United States District Court, S.D. New York
Decided November 25, 2014.
[Copyrighted Material Omitted]
For Landmark Ventures, Inc., Plaintiff: William B. Flynn, McCabe & Flynn LLP, New York, NY.
For Insightec, Ltd., Defendant: Eli C. Schulman, LEAD ATTORNEY, Schulman & Charish LLP, New York, NY.
OPINION AND ORDER
John G. Koeltl, United States District Judge.
This action arises out of a contract dispute between the petitioner, Landmark Ventures, Inc. (" Landmark" ), and the respondent, InSightec, Ltd. (" InSightec" ). Pursuant to the terms of the contract, the dispute was submitted to an arbitration governed by the Rules of Arbitration of the International Chamber of Commerce (" ICC" ) and presided over by Stephanie Cohen, Esq. (the " Arbitrator" ), an independent arbitrator selected fro the ICC's roster of arbitrators.
On October 8, 2013, a final arbitration award (" Award" ) was issued in favor of InSightec. Landmark has filed a petition to vacate the Award and InSightec has filed a cross-petition to confirm the Award. For the reasons explained below, the petition to vacate the Award is denied, and the cross-petition to enforce the Award is granted.
Unless otherwise indicated, the following facts are accepted as true for purposes of the pending petitions.
InSightec is a corporation that is incorporated in and has its principal place of business in Israel; Landmark is a corporation that is incorporated in and has its principal place of business in New York State. InSightec develops medical devices and Landmark provides financial advice and banking services. Pet. to Vacate ¶ ¶ 3-6, Ex. 4 (" Award" ) ¶ ¶ 2-7.
On July 28, 2011, Landmark executed a letter of engagement (" Agreement" ) with InSightec to provide strategic banking and financial advisory services. Schulman Decl. Ex. 3. The Agreement provided that InSightec would retain Landmark to be " its exclusive financial advisor" for an exclusive engagement period of six months with respect to (1) an Offering, defined as " a best efforts private placement transaction . . . of any equity debt or convertible securities" ; (2) a strategic partnership; or (3) a possible Sales Transaction, defined as " a sale or other disposition of a majority of the Company's assets or stock or a merger of the Company with another entity." Agreement § 1.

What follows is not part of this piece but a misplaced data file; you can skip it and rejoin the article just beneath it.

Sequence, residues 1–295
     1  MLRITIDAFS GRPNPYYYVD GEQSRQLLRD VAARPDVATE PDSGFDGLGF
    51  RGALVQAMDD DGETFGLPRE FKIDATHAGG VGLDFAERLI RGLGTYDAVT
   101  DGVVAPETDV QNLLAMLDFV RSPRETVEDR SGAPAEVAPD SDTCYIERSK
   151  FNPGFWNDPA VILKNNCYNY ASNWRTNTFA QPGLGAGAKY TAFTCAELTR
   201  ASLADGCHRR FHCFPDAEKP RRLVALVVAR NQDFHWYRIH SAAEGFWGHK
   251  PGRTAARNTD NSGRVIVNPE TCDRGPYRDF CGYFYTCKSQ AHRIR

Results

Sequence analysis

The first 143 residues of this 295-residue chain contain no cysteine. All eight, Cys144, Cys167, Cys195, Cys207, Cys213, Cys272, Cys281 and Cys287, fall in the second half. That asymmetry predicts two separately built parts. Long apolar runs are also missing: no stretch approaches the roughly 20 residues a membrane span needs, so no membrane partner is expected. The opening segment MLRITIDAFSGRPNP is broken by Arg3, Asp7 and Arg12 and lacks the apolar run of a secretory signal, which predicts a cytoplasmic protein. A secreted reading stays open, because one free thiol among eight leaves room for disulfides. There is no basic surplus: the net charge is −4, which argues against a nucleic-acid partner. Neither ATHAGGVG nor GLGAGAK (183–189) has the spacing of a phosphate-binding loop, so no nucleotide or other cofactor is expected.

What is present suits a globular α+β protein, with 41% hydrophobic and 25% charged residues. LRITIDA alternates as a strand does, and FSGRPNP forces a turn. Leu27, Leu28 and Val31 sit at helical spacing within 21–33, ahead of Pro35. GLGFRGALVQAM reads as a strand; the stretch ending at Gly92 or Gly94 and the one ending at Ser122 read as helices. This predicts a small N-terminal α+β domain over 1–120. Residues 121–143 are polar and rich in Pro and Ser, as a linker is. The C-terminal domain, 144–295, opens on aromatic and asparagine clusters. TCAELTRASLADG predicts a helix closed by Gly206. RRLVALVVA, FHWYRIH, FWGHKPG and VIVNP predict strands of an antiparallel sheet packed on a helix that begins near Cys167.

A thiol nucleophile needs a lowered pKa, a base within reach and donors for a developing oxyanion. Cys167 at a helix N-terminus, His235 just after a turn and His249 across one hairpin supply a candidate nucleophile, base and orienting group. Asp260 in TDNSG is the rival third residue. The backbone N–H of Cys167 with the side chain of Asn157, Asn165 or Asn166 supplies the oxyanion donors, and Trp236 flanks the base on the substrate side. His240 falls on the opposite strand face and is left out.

Landmark was to " pursue prospective strategic and/or financial investors and partners," provided that these prospective investors did " not include the Company's existing shareholders or their affiliates on the date hereof." Agreement § 1. The Agreement specified the fees to which Landmark was entitled for its services. Agreement § 3. For each qualified Strategic Partnership initiated during the exclusive engagement period or a specified Tail Period, Landmark was entitled to at least
a minimum strategic partnership fee. Agreement § 3(iii).
Section 10 provides that disputes under the Agreement are " governed by the laws of the State of New York," and contains a broad, mandatory arbitration clause providing that,
All disputes arising out of or in connection with this Letter Agreement shall be finally settled under the Rules of Arbitration of the International Chamber of Commerce by one arbitrator appointed in accordance with the said Rules.